Ruben doesn’t walk around with an ego. He says that any project can be done well; so we’re not dismissive of small jobs or indies. We’re both very much of the opinion that what we do is the best of ourselves and we’re not judging what other people are doing. We’re always just trying as hard as we can to make the best possible projects, and to me, his modesty and humbleness resonates.
R: I wanted to have a T-shirt made with ‘Ego-free filmmaking’ at the front, but my producer wouldn’t let me – he said it was too provocative! Sounds like you’re so busy that you don’t need to find any other directors!
M: It takes so much to get a job, so if I’m going to say that I’m your representative out there in the world, I want to be able to back that up with work, and not just sign people.
R: I know that Hostage has had a lot of experience with commercial food advertising. Within the roster, I mean within the company’s roster, do you think there’s space for two food directors or two tabletop directors?
M: I don’t see a differentiation between tabletop or live action in terms of multiple directors on a single roster. Most production companies have many directors, with minimal conflicts or issues.
If a director is creating with a signature style, their work is recognizable and what they bring to the table, or tabletop, stands apart.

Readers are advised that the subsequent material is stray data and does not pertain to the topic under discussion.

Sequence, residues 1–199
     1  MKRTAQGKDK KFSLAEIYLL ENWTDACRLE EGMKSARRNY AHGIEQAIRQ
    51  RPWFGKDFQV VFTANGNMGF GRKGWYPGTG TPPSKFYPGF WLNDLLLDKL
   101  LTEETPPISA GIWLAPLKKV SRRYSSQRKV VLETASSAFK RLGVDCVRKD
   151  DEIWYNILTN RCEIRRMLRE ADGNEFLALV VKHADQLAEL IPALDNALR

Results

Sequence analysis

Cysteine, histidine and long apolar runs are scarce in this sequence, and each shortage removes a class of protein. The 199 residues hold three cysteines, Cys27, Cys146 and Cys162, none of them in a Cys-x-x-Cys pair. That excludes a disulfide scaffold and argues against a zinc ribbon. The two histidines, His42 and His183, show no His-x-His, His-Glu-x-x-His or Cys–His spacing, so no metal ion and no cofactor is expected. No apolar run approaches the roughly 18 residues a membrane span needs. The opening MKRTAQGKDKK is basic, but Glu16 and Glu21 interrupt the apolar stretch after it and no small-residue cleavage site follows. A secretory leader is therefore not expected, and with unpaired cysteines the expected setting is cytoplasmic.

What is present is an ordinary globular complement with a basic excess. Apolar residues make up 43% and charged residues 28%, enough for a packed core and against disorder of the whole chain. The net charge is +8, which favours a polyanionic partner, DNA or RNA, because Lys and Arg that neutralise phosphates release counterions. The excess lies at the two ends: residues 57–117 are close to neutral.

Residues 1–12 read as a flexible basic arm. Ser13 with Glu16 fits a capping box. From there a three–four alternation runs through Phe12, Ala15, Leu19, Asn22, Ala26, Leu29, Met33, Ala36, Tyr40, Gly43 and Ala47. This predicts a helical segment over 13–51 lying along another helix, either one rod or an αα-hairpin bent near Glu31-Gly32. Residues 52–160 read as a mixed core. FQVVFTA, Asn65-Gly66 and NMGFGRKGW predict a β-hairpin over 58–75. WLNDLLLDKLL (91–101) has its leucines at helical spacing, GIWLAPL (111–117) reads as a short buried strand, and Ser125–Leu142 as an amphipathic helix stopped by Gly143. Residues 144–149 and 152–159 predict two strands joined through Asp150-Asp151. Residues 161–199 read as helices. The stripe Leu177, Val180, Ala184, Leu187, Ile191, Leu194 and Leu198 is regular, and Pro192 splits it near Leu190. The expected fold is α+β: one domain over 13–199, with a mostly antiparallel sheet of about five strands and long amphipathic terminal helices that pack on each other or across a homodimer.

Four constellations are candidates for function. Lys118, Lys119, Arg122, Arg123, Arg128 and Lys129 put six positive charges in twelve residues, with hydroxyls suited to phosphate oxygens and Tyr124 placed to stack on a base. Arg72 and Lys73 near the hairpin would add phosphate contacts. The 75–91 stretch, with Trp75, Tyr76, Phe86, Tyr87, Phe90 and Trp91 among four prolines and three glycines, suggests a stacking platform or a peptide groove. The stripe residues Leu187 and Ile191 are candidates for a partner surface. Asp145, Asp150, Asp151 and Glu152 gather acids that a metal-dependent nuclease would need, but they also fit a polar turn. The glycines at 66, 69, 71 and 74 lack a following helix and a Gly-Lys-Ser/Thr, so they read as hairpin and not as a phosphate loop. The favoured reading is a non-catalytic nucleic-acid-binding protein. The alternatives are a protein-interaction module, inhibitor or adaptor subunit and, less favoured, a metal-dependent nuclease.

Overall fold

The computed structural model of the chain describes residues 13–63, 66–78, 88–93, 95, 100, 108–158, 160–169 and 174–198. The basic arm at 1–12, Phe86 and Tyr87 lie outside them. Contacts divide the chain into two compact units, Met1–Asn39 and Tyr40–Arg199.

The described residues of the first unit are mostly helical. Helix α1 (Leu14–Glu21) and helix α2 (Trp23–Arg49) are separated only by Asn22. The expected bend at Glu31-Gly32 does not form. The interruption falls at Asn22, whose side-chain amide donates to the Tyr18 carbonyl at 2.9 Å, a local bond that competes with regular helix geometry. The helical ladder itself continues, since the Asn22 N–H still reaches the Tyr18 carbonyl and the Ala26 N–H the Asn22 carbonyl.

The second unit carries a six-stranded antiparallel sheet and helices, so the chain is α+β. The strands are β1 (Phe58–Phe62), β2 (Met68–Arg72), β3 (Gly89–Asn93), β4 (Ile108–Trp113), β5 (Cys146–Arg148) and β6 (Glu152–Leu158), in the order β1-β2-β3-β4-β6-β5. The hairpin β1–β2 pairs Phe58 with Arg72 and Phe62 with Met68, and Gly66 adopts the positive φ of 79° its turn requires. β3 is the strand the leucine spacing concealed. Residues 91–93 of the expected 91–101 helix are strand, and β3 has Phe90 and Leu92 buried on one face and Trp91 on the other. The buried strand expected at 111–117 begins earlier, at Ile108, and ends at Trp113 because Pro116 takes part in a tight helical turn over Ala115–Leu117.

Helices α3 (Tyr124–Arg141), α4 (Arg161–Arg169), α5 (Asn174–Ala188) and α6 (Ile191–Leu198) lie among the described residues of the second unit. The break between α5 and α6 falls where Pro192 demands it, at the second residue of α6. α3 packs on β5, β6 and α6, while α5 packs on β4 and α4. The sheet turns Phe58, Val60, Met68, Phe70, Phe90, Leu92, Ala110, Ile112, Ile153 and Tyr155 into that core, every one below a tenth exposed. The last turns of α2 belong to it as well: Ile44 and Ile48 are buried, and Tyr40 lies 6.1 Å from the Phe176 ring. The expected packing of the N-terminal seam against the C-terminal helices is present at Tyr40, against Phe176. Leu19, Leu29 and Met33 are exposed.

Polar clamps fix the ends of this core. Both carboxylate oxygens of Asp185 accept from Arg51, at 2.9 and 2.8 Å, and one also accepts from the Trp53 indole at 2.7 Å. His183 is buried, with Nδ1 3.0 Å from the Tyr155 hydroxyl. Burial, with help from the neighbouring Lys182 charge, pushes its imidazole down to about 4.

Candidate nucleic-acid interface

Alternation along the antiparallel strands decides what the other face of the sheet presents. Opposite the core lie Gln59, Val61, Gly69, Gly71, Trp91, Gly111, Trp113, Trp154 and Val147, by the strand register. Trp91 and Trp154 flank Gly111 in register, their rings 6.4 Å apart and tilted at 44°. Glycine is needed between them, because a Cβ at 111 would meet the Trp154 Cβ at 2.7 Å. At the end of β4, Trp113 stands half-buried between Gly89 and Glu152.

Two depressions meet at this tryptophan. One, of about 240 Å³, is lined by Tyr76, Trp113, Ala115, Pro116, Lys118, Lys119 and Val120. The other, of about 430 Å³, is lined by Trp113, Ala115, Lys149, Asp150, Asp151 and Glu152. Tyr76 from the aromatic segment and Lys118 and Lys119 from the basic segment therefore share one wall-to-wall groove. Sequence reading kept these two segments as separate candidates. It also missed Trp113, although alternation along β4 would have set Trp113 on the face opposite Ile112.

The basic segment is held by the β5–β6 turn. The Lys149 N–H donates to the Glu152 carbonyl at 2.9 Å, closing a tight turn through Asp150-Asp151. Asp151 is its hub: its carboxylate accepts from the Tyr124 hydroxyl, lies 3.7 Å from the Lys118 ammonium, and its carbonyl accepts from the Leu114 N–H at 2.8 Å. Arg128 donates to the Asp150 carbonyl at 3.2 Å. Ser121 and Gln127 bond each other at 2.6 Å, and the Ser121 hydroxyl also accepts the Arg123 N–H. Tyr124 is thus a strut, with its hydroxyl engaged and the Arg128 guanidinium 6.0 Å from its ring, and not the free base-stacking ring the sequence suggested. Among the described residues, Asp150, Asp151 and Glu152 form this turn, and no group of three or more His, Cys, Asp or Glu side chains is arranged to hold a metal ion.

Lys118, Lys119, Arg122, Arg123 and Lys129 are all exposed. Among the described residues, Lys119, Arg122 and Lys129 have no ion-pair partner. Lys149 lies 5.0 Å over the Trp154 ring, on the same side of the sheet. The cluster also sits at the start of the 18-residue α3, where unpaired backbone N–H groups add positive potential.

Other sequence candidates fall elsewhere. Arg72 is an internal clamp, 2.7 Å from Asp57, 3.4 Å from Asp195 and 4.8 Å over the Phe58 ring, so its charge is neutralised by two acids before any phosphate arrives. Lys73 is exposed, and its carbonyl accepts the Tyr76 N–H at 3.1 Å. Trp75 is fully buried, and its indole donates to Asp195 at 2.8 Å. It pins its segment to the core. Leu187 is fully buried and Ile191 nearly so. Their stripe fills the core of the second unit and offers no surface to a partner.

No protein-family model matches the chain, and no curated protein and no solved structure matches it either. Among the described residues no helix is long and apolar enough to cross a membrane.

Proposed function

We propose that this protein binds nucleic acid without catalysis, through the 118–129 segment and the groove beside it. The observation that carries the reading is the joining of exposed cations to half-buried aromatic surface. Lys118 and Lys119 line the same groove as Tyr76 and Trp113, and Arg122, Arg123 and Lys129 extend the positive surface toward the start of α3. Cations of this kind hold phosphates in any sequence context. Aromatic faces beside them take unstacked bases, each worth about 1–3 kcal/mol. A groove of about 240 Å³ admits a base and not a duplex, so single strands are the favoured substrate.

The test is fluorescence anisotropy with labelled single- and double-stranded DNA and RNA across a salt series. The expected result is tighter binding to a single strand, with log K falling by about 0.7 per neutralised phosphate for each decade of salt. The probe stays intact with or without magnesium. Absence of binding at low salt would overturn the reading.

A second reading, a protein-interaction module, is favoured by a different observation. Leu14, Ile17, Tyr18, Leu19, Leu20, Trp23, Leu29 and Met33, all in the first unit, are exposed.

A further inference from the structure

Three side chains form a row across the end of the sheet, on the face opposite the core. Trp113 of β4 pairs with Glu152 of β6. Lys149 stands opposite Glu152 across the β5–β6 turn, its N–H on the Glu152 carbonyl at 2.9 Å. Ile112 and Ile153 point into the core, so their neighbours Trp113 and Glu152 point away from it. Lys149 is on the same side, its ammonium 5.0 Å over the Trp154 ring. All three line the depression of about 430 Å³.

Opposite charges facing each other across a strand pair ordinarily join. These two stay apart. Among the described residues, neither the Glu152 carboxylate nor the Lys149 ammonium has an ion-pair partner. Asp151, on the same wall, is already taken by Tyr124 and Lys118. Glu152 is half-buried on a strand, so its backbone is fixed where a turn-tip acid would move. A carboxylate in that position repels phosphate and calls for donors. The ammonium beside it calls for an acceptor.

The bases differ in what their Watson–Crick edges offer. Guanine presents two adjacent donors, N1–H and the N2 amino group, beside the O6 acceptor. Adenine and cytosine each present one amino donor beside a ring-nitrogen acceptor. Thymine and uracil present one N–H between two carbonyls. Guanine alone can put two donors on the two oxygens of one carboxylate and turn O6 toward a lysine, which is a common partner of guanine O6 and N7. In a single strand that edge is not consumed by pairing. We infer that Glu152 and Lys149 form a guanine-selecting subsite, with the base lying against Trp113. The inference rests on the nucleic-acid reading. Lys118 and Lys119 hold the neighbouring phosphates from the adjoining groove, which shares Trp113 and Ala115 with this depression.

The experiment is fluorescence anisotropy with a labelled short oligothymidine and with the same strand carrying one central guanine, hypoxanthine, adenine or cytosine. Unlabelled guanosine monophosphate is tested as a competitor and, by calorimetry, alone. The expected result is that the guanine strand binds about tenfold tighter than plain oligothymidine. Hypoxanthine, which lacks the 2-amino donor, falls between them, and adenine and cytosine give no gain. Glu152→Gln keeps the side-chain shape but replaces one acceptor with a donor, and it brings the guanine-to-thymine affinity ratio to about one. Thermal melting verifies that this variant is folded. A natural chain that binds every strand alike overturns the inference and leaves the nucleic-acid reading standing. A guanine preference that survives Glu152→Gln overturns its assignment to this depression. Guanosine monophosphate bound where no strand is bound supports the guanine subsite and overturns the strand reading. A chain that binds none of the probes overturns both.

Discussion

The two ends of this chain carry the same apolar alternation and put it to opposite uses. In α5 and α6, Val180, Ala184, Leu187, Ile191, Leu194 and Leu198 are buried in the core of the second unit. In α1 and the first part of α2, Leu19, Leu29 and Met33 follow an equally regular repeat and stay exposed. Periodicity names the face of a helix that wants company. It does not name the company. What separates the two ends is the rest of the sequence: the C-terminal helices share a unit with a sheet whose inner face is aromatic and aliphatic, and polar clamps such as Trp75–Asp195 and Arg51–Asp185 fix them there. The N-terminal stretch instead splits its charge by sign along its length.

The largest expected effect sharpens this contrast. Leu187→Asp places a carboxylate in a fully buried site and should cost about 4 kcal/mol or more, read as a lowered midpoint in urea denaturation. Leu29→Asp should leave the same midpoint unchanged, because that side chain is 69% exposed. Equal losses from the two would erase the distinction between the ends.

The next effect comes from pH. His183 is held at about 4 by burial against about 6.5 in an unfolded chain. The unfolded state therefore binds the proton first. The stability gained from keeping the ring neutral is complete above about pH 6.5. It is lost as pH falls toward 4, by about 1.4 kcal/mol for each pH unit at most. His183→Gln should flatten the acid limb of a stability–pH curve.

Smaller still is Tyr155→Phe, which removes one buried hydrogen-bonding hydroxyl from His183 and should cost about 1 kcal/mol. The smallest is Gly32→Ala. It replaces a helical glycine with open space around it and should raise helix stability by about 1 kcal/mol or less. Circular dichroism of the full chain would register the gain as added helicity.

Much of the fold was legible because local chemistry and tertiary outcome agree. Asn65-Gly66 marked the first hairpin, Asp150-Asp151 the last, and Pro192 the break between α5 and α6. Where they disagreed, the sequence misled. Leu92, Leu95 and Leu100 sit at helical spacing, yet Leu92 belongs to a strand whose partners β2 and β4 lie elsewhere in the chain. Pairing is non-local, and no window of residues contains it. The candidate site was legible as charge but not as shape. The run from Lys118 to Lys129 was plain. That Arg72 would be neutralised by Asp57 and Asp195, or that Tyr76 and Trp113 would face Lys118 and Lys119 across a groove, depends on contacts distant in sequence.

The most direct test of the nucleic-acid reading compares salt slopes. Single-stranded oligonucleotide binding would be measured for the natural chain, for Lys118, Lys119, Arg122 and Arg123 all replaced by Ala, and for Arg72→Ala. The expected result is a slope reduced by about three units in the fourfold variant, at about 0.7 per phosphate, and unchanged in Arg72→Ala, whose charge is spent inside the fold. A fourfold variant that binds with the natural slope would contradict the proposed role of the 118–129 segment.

At Hostage, we’re working to develop and produce feature films. With that broad goal in mind, the paradigm of what growth or expansion looks like is shifted.
R: Do you think that food directors have a different skillset to traditional commercials directors?
M: I know that for Ruben, he is wonderfully specific about everything. It doesn’t matter if it’s an epic car shot in nature, a delicate emotional moment in a pharma ad, if there’s live-action, sports, or if it’s a product shot. He has such a high level of attention to detail. It could be something at the edge of the frame, that nobody else is seeing… he sees it. That precision and visual craftsmanship, owning every last millimeter of an image, has translated very well to what we call ‘work done adjacent to a table’.
There are a lot of technical aspects to shooting tabletop, food and beverage. How much the lettuce is sweating, the thickness of the ice cream, the level of bubbles in the beer… It’s endless. How do you light this high speed, 1000 frames per second shot, at a macro level and make something that looks appetizing? Ruben calls it lighting for the invisible. Lighting the space before the object exists in it. Accounting for all of the variables. Throw food. Clean up. Repeat. Repeat. Repeat. Try not to lose your mind. You really have to know what you’re doing. Ultimately, I do think it is a distinct and technical skillset.
R: You’re probably in a very good position to kind of see the difference between Europe and US markets. Is there a difference?
M: The main difference is in who the ads target. European versus US sensibilities. It’s actually really fun to get to see the best of both worlds and to continue to be so involved in international production. There are incredible agencies and clients doing wonderful work all over the world. It’s another great aspect of working with Ruben. He’s been in the US for over a decade and is able to think in a blockbuster Hollywood mindset. But since he was born and raised in Spain, he’s equally comfortable with European creatives and knowing what they are after.